Short overview of the pension problem

john
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john
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Joined: September 8th, 2001, 10:12 pm

February 24th, 2007, 10:06 pm #1

If you are a freelance teacher in Germany or are thinking of moving here to teach English, you need to know that there is an ancient German social insurance
law that obliges freelance teachers to pay (currently) 19.5% of their income before tax into the state pension scheme.




This is not an option, but a MUST for all freelance teachers working here once their income
averages more than 400 a month... and you have to continue paying in even if your income from teaching subsequently falls below that.




The German pension authority, known as the 'Deutsche Rentenversicherung' or '
DRV', can (and will) demand back payments for up to four years if you have not been paying these
contributions.




Some teachers think that:




having a private pension scheme may help, but this is NOT the case.


(You can take out a private scheme - or have one, but you still HAVE TO pay into the state
scheme).




they can avoid these payments by arguing that they were ignorant of this law/requirement.


(That is unfortunately NOT the case).




The German pension authority will never find them and demand back payments.


They may be lucky, but the German pension authority can check any company or school whenever it wishes to and if your name is on their books... Oops! Ouch!




Don't kid yourself!




Pension payments of 19.5% of your income before tax is a LOT of money!




If you are caught for back payments, it will probably wipe out all your savings and cripple you financially.




Please, please take these COMPULSORY contributions into account if you are working or thinking
of working here.




Paying 19.5% of your income may make your life here very difficult, but not paying them and then being caught for back payments could make your life here
impossible.




I know a lot of EFL teachers who have been financially crippled by the back payment demands, or thought they had no alternative but to flee the country.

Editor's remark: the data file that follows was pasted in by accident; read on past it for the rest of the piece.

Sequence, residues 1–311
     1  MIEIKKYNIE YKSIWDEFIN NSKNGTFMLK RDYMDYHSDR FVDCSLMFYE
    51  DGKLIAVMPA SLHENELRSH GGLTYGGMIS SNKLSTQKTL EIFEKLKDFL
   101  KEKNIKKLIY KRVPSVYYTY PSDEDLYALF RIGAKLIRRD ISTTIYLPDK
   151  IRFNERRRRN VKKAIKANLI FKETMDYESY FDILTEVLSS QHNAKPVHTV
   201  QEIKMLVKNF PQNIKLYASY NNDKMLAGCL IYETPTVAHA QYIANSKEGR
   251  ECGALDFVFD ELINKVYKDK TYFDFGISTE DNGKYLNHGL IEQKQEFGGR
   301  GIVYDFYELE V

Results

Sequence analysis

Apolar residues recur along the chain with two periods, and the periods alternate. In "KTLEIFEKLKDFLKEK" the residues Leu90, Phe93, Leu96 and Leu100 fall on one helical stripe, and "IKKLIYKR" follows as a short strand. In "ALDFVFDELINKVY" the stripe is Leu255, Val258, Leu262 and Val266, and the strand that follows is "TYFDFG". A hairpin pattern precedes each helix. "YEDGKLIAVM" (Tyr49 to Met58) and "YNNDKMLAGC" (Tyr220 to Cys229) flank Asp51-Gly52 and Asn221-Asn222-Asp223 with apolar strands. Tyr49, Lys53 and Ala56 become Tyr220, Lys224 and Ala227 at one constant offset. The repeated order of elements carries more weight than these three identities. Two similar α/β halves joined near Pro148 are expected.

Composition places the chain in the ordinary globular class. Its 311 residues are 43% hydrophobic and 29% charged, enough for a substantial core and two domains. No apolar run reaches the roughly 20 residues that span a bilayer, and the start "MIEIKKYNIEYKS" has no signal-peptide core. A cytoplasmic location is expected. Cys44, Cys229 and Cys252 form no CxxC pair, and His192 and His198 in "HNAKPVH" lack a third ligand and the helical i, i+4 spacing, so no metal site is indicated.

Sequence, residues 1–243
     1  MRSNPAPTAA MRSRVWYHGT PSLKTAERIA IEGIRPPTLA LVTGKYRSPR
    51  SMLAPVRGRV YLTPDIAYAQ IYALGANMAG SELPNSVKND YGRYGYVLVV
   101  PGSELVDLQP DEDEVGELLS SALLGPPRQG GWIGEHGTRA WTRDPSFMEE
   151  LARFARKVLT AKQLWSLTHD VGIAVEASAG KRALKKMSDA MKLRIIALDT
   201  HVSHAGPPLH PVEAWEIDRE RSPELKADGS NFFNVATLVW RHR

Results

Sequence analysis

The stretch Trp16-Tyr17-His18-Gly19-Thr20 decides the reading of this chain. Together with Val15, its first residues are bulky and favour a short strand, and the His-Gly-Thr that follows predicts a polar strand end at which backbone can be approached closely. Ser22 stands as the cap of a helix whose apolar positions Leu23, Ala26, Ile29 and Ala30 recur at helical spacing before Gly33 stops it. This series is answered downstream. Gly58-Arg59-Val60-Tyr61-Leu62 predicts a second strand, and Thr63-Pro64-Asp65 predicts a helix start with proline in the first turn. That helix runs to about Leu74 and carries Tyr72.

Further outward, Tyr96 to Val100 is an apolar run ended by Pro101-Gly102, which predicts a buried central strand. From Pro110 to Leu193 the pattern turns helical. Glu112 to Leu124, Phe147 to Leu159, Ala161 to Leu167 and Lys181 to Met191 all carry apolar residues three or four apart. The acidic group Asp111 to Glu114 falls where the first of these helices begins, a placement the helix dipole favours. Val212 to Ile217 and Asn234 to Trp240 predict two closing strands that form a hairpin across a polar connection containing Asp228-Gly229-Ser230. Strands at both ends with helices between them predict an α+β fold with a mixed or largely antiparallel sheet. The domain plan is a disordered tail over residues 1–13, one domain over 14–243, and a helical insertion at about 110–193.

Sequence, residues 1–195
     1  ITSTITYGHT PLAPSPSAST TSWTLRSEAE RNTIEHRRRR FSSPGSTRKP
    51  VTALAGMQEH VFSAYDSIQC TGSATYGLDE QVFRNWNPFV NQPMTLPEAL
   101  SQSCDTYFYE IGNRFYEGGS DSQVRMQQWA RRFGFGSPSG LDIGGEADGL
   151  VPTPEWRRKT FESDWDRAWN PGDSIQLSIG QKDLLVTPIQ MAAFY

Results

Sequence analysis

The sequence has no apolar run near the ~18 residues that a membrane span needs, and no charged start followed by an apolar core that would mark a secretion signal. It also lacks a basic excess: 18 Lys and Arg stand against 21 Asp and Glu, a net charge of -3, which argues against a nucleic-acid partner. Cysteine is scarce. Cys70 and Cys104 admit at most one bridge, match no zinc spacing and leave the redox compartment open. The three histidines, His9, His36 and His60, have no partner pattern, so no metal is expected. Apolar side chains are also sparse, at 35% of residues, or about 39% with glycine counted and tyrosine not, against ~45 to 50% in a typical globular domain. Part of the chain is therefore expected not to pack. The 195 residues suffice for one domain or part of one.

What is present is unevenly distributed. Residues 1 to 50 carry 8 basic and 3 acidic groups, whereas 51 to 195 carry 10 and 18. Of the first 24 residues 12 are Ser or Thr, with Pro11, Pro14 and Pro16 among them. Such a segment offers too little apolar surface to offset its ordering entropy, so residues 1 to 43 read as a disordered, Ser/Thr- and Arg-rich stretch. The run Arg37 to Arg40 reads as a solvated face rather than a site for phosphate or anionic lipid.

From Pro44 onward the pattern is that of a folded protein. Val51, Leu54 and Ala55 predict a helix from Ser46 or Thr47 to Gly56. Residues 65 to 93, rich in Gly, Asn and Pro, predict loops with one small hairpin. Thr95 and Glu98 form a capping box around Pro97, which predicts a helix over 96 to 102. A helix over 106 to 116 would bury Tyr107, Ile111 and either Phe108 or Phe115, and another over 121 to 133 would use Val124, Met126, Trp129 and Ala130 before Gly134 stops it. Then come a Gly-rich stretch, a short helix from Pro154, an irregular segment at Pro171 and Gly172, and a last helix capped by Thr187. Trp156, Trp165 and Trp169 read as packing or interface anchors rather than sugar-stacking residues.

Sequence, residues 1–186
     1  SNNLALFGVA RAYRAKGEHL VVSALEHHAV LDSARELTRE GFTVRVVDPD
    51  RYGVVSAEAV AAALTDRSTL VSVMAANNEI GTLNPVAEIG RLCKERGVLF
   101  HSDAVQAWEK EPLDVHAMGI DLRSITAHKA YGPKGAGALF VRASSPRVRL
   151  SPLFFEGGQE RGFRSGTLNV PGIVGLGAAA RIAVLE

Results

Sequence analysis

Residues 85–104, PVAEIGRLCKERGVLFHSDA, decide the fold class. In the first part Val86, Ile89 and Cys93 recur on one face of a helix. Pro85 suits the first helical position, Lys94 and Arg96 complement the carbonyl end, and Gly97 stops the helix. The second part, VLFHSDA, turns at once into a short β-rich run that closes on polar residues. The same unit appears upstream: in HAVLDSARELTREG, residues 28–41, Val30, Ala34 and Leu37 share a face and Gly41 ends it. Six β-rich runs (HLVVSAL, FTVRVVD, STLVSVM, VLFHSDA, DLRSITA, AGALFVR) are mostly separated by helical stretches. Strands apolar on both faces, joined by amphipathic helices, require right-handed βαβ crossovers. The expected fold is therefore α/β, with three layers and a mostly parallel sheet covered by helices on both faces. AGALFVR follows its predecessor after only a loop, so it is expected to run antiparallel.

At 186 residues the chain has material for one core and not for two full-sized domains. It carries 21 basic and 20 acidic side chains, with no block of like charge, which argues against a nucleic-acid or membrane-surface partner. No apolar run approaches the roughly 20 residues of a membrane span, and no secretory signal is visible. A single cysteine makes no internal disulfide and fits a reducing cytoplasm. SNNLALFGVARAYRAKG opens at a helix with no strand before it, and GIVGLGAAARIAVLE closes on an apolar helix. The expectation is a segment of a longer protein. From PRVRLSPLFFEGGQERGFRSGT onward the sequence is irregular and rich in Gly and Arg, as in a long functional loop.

Please don't make the same mistake.




If you are a freelance teacher and earn more than €400 a month on average from your freelance teaching work, you have to pay 19.5% of your income after
expenses and before tax into the DRV (or BfA as they previously called themselves).
Last edited by john on April 19th, 2008, 9:24 pm, edited 1 time in total.

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minelli
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minelli
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Joined: November 13th, 2008, 5:50 pm

November 13th, 2008, 5:50 pm #2

Hello John,




Thank you for the many extremely helpful posts. Frankly I am shocked & flabbergasted to find the fix I'm in after a beggardly freelance teaching career
of 7 years. I stumbled here completely by chance - better late than never is absoltutely the correct term!




So to verify matters, if you would, please?




1. I can see that I HAVE to pay, and as I've just become a German there's no where to run :-). Anyway as said I'd probably get some/ most/ all? of
it back depending on my life span! So I'll try to cough up, even begging for time to pay by installments, before they come knocking, hopefully.




2. I started my freelance English teaching in 2002 and am at it still. The school I work in should offer me a contract with all the social insurance
contributions paid in, in the coming months, if nothing untoward happens; but one never knows... Seniors in the school say they never paid up when freelance
and went on after the better contract with only 50% contributions. They advice me to stay put for a few months. Should I?




2. Or should I rather be proactive and start the process? Does one add up all the takings for the past years and calculate 19,5% off that, or go year by year
and add them to get the final amount? Should I calculate for the past 5 years or all 7? I believe I earned on average more than 400 euros per month, all of